Sunday, July 25, 2010

Speak softer--Mother will hear!

No, that is not what dear hubby tells hangers-on when your intrepid report has a sick headache! The two of us trekked up to Caramoor again on Saturday evening to hear more bel canto opera. The opera in question is Mr. Donizetti's rarely performed Maria di Rohan, which I had been confusing all week with Mr. Rossini's rarely performed Matilde di Shabran. (Considering my voice teacher told me yesterday that, with my voice, I should be writing reviews professionally, I'd better up my scholarship a little bit! ) It was a very hot evening, but fortunately the program was a very good fan.

The program also had other uses. The Wikipedia link above for Maria di Rohan is practically useless, so we must thank the Lawd God Margarettm for the program notes (here) of amazing musicologist Philip Gossett and Caramoor opera director Will Crutchfield. The plot has some similarities to Roberto Devereux, the Munich production of which I recently reviewed here. Maria married the Duke of Chevreuse (baritone) secretly, although she still loved former main squeeze Count of Chalais (tenor, of course). Political intrigue ensues. Chevreuse learns of Maria's and Chalais's former relationship, thinks it's still going on, throws Chalais to the political wolves through his inaction when he could have saved him, and basically prepares Maria to live in misery the rest of her life at his sadistic hands and words.

The star of the evening was the lovely Photo of Jennifer Rowley by Devon Cass.  Courtesy jenniferrowley.comJennifer Rowley, Caramoor young artist and cover for the role of Maria, who stepped in when the original star Takesha Meshé Kizart (self-indulgent article here) cancelled due to illness on Friday. (Acres of snark here.) The role of Maria is demanding and far-reaching, a typical bel canto lead soprano role. Extremes of range, dramatic impact, and coloratura are expected. Although in her first aria and cabaletta Miss Rowley seemed the slightest bit tentative--wouldn't you be, with only one rehearsal?--once she got her feet under her she was balls-to-the-wall (or whatever the soprano equivalent is) the entire evening. Miss Rowley has a beautiful vocal color, an even scale, and technique for days. She portrayed the multi-faceted role of Maria convincingly and with complete commitment. I hope that this high-profile surprise debut launches a far-reaching and successful career.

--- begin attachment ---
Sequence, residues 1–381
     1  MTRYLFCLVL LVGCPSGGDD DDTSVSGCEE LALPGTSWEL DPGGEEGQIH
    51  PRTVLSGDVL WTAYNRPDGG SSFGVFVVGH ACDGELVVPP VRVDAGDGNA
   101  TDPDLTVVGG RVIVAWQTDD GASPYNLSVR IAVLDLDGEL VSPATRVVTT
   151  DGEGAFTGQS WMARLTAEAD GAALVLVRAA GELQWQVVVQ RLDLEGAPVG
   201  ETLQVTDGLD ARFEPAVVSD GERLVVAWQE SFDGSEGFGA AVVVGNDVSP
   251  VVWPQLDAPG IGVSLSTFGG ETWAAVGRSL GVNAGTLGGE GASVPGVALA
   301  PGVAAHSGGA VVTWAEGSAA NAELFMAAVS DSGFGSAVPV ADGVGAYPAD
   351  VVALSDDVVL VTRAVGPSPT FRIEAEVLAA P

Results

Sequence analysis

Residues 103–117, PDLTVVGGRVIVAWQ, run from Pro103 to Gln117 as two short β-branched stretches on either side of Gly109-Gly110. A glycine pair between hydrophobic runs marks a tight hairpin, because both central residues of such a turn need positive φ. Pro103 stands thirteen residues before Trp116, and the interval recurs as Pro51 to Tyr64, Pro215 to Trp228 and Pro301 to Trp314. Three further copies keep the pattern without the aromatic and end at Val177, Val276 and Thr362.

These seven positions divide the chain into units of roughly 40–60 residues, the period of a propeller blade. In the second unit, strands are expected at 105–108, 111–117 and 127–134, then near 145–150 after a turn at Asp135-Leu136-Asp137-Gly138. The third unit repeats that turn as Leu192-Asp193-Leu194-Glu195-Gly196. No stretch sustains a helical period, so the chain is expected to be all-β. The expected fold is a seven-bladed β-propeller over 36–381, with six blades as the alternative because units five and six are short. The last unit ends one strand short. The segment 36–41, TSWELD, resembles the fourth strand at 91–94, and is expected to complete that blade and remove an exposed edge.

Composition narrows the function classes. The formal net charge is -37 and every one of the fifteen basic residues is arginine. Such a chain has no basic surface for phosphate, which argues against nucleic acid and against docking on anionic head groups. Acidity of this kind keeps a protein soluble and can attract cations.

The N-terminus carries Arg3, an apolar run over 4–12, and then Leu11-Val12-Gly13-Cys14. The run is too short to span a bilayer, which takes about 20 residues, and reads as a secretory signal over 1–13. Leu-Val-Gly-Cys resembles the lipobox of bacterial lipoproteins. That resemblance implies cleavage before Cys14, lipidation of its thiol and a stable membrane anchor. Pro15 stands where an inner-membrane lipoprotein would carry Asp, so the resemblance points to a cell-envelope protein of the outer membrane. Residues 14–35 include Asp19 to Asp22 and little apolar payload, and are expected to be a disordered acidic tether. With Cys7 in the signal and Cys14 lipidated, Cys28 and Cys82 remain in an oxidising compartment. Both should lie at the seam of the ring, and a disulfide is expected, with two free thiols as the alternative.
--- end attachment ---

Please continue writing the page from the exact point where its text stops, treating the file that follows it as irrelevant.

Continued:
And her dress was beautiful and completely appropriate.

Photo by Rob Moore; Courtesy imgartists.comI'd been quite looking forward to hearing Luciano Botelho, a handsome young Brazilian tenor whose star is rising. I must say when he stepped onstage I had another reason to fan myself! Mr. Botelho has a beautiful, light, lyric voice. He has some perfectly beautiful audio and video clips on YouTube. I think Mr. Botelho sang well, but I also think he was miscast in this role. His sound is sweet and lyrical, and the role of Chalais requires a little more of a stentorian sound. I fear Mr. Botelho might do himself a mischief if he continues with roles a little too big like this. The lighter bel canto roles are perfect for him, as is anything Mozart. That said, he did an admirable job, and certainly acted the role well.

And he needs his mommy to shorten his coat sleeves.

The Duke of Chevreuse was played by baritone Scott Bearden. I found his singing a little uneven in Act I, but it seemed like he warmed up as the evening wore on. He certainly was convincing as the wronged husband. Oh my, yes! I don't want to meet him in a dark alley! (I must say I do have friends who would want to meet Mr. Bearden in a dark alley, and would take delight in his name: bear den. It suits him.)

Hearing the amazing music and seeing the riveting drama of this opera, I will state without hesitation that this is one rarely-performed opera that does not deserve to languish in obscurity. I often forget to credit a librettist, but in this case Mr. Cammarano deserves great praise. There are terrific arias, but the ensembles are simply amazing. The scenes between Maria, Chalais, and Chevreuse are rife with pain and drama. The scene in which Chevreuse urges Chalais to hurry to an arranged duel (snarky pants mezzo Gondi had cast aspersions on Maria's character, so Chalais demanded satisfaction) or risk dishonor contains at least three meanings for different instances of the exhortation "Speak softer--Mother will hear!" Very clever indeed!

A note about the acoustics of this venue. I found the sound in the cheap seats for Norma two weeks ago quite different from the sound I later heard on YouTube. My opinions of various singers held up, but the sound was quite different. The sound Saturday evening different still, possibly having to do with the sound system. I eagerly await the YouTube clips that you know will pop up.

Another delightful night at the opera. I don't expect to attend any more outdoor performances this summer, which is a good thing. I will, however, keep you, my loyal public, up to date with my comings and goings.

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